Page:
Moxie is a state of mind, or so I’ve been told numerous times. Apparently, it also has its own distinctly different system of computation. How else could this be the Moxie Festival’s 31st year, if 2008 was its 25th, or silver anniversary?
History is important to me and by extension, the history of Moxie is something I’ve paid particular attention to especially since 2008 when I wrote my first Moxie book, but really, since 2004, when I first signed on to provide PR and marketing support for the Moxie Committee that summer and the following year, too.
By way of review, the date of the first Moxie Festival is steeped in apocrypha, like so much of Moxie’s story. The details often are determined by who is telling the story. I’ve seen my role in updating Moxie’s canon as trying to keep those stories straight, or at least sticking to one story and making sure others did the same. That’s never been an easy task. Thankfully, a few others laid a solid foundation, namely Frank Potter and Q. David Bowers.
For instance, the first year of the Moxie Festival could be 1982, when Frank Potter’s book signing at Kennebec’s, the Moxie Store, drew a couple hundred people. There’s a story associated with that but I’ve detailed it in my books, so I’ll let you dig that one out on your own. The date most often associated with the start of the festival, however, is 1984. That’s when the Chamber of Commerce got involved with the festival, which they continued with up ‘til a few years ago. 1984 was the date that our Moxie Committee used to come up with Moxie’s 25th in 2008. If you check out this blog post from that year, posted on my old blog, Words Matter, there remains a digital trail with a date stamp. Simply doing the math (the traditional kind, not the fancy Moxie kind) that makes 2013 the 30th year of Moxie festivals.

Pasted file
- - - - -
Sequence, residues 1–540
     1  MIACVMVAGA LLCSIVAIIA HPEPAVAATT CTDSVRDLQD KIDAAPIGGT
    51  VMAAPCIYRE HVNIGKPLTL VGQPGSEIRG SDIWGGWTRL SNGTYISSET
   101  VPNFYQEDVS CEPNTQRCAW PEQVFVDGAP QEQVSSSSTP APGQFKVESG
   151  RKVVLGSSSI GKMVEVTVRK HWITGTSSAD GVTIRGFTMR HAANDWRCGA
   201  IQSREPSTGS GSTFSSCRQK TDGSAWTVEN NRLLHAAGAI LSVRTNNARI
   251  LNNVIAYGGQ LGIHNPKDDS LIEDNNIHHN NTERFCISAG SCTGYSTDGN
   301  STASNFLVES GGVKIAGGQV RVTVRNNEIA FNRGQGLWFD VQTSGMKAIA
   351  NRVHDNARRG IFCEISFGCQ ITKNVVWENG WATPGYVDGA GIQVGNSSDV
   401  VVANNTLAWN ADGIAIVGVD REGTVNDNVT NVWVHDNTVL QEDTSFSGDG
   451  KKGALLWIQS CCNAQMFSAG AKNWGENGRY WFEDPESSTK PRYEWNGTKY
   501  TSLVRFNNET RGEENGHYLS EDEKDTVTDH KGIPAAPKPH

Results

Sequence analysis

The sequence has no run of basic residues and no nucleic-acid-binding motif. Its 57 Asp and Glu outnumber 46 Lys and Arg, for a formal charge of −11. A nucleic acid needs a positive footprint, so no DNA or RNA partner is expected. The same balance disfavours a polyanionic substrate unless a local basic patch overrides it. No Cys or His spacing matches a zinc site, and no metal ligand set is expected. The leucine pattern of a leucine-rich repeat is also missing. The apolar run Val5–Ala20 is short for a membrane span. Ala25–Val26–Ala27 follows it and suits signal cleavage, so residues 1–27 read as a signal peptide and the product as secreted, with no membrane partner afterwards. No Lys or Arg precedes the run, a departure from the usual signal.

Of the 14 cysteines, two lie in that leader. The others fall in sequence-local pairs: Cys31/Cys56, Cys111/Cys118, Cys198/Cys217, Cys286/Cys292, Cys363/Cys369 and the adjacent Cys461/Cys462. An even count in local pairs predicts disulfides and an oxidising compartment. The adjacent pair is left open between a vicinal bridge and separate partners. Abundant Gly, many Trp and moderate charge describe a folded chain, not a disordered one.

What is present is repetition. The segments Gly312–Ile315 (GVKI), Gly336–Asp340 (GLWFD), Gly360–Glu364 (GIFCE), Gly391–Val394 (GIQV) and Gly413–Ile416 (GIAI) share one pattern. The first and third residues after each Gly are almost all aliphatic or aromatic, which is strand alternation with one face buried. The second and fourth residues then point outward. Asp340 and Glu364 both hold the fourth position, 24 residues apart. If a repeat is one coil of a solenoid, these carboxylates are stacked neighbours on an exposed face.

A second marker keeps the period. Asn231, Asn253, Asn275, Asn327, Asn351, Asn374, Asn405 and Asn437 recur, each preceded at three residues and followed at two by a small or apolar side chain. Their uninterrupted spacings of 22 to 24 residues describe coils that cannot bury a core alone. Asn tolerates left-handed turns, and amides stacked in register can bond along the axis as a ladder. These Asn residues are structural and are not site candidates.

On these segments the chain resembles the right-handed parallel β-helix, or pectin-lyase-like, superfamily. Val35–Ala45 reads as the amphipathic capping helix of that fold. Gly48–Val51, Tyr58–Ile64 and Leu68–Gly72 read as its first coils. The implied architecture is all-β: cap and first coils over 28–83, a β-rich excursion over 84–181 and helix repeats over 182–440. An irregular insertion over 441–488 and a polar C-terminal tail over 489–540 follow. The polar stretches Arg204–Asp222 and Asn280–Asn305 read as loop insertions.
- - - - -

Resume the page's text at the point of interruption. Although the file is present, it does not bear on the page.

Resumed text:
There are competing agendas. Some of Moxie’s supposed “historians” that haven’t taken the time to actually do the work of gathering details like to play fast and loose with those details. I’m glad that I set this information down so if there are still some fans of Moxie that care about dates and details, they know where they can find them.
I hope that sets things straight. I’m sure some Moxie crank will take issue with my own math and have their own story about why this year is the 31st year of the festival, or perhaps year #32.
As for me, I’m going with 30.